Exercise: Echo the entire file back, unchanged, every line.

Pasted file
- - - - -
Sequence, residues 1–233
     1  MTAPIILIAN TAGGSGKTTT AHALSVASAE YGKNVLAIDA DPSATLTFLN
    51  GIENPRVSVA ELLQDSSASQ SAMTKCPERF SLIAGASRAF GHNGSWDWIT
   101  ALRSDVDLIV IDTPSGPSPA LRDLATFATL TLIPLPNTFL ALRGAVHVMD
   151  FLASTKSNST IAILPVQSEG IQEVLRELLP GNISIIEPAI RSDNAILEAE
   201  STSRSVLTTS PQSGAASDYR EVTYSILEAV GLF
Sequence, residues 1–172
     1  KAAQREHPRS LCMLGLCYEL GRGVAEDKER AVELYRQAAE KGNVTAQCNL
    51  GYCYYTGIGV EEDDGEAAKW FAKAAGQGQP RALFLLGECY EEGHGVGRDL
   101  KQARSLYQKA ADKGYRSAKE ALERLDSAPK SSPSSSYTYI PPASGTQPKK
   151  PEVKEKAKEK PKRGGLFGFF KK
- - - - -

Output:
Sequence, residues 1–233
     1  MTAPIILIAN TAGGSGKTTT AHALSVASAE YGKNVLAIDA DPSATLTFLN
    51  GIENPRVSVA ELLQDSSASQ SAMTKCPERF SLIAGASRAF GHNGSWDWIT
   101  ALRSDVDLIV IDTPSGPSPA LRDLATFATL TLIPLPNTFL ALRGAVHVMD
   151  FLASTKSNST IAILPVQSEG IQEVLRELLP GNISIIEPAI RSDNAILEAE
   201  STSRSVLTTS PQSGAASDYR EVTYSILEAV GLF
Sequence, residues 1–172
     1  KAAQREHPRS LCMLGLCYEL GRGVAEDKER AVELYRQAAE KGNVTAQCNL
    51  GYCYYTGIGV EEDDGEAAKW FAKAAGQGQP RALFLLGECY EEGHGVGRDL
   101  KQARSLYQKA ADKGYRSAKE ALERLDSAPK SSPSSSYTYI PPASGTQPKK
   151  PEVKEKAKEK PKRGGLFGFF KK